The mathematician who saved hundreds of flight crews - We Are The Mighty
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The mathematician who saved hundreds of flight crews

Abraham Wald, a Jewish mathematician, was driven out of Romania and Europe by the Nazi advance and emigrated to the U.S. where he would serve in the Statistical Research Group, a bunch of egg heads who used math to make the military better at everything from firing rockets to shooting down enemy fighters. And Wald was the one who convinced the Navy that they were about to armor the completely wrong parts of their planes, saving hundreds of flight crews in the process.


The mathematician who saved hundreds of flight crews
Abraham Wald, a mathematician who helped save hundreds of air crews by writing brainiac papers. (Mathematisches Forschungsinstitut Oberwolfach, CC BY-SA 2.0)

To understand how Wald, sitting in New York for most of the war, saved so many lives, it’s important to understand what role academics and subject matter experts had in the war. The U.S. and Britain especially, but really all the great wartime powers, put some stock in the ability of their academics to solve tricky problems and make warfighters more efficient, more lethal, or more safe.

Some of this was having physicists and engineers create better weapons, like how the Applied Physics Laboratory was created to develop proximity fuses that made artillery and anti-aircraft weapons more effective. Some of this was having mathematicians figure out the best mix of rounds to load into machine guns of different types for the gunners to more quickly kill their targets. One great example is all the physicists and other scientists who worked on atom bombs.

But Wald was a statistician, and his job was to look at wartime processes and figure out how they could be improved. Wald was still, technically, an enemy alien, so he had an odd setup at the Statistical Research Group.

The mathematician who saved hundreds of flight crews
Planes hit in the fuel supply and engines often didn’t make it back to base, throwing off Navy and Army Air Corps data. (U.S. Air Force)

As Jordan Ellenberg wrote in How Not To Be Wrong, there was a running joke in the SRG that Wald’s secretaries had to rip notepaper out of his hands as soon as he finished writing on it because he didn’t have the clearance to read his own work.

But Wald was an amazing mathematician, and it’s not like he was the type of Hungarian who might harbor sympathies for Hitler. Remember, he had fled Austria because Hitler would have had him killed, same as Albert Einstein and plenty of others. So, Wald used math to try to help the Allies kill the Axis, and he was in the SRG when the Navy came to them with a seemingly straightforward problem.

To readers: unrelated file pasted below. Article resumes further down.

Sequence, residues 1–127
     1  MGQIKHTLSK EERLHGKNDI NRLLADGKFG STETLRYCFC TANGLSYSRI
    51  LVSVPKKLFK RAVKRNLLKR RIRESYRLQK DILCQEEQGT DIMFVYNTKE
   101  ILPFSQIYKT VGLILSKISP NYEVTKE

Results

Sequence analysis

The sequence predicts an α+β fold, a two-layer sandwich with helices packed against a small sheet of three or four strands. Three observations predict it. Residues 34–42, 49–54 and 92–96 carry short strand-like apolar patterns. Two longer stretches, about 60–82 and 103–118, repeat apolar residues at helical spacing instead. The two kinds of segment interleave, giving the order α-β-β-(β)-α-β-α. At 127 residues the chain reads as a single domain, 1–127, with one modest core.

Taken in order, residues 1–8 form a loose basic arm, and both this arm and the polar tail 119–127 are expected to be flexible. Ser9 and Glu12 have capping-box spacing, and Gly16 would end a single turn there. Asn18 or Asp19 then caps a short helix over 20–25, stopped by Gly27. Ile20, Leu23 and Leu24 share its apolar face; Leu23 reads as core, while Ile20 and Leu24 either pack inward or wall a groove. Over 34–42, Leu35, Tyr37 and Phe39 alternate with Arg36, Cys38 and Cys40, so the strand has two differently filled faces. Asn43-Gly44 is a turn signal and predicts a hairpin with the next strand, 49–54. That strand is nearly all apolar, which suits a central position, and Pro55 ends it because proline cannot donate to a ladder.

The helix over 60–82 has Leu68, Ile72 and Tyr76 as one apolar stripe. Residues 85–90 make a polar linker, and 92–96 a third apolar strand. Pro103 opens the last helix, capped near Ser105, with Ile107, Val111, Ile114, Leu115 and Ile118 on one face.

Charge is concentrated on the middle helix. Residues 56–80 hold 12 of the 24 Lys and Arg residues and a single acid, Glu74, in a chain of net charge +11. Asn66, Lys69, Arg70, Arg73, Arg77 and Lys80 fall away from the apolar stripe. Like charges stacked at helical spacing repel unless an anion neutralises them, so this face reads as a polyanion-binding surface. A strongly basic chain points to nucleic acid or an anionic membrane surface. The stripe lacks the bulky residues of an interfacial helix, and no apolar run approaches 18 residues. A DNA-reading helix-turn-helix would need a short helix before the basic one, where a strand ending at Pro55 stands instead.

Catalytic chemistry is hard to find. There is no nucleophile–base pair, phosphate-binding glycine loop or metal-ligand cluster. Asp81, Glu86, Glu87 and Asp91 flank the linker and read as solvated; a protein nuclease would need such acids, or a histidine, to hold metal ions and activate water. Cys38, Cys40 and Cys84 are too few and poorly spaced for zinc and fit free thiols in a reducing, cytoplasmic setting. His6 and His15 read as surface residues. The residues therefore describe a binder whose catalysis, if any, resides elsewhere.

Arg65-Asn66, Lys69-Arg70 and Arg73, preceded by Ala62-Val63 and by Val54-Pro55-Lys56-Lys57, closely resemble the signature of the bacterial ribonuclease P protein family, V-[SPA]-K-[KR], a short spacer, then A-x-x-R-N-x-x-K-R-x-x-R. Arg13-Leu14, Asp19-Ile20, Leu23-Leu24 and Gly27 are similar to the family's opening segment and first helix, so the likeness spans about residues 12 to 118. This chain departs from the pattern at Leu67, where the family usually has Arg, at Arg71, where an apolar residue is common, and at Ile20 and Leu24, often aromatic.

The Navy, and the Army Air Corps, was losing a lot of planes and crews to enemy fire. So, the Navy modeled where its planes showed the most bullet holes per square foot. Its officers reasoned that adding armor to these places would stop more bullets with the limited amount of armor they could add to each plane. They wanted the SRG to figure out the best balance of armor in each often-hit location.

(Adding armor adds weight, and planes can only takeoff with a certain amount of weight that needs to be balanced between plane and crew, ammo, fuel, and armor. Add too much armor, and you have a super safe bomber that can’t carry any bombs.)

The mathematician who saved hundreds of flight crews
While doomed planes did, sometimes, manage to land, they were usually lost at sea or in enemy territory. Abraham Wald successfully argued that the military should estimate where they were hit when determining what parts of planes they should armor. (U.S. Navy)

But Wald picked out a flaw in their dataset that had eluded most others, a flaw that’s now known as “survivor bias.” The Navy and, really anyone else in the war, could typically only study the aircraft, vehicles, and men who survived a battle. After all, if a plane is shot down over the target, it lands on or near the target in territory the enemy controls. If it goes down while headed back to a carrier or island base, it will be lost at sea.

So the only planes the Navy was looking at were the ones that had landed back at ship or base. So, these weren’t examples of where planes were most commonly hit; they were examples of where planes could be hit and keep flying, because the crew and vital components had survived the bullet strikes.

Now, a lot of popular history says that Wald told the Navy to armor the opposite areas (or, told the Army Air Corps to armor the opposite areas, depending on which legend you see). But he didn’t, actually. What he did do was figure out a highly technical way to estimate where downed planes had been hit, and then he used that data to figure out how likely a hit to any given area was to down a plane.

What he found was that the Navy wanted to armor the least vulnerable parts of the plane. Basically, the Navy wasn’t seeing many hits to the engine and fuel supply, so the Navy officers decided those areas didn’t need as much protection. But Wald’s work found that those were the most vulnerable areas.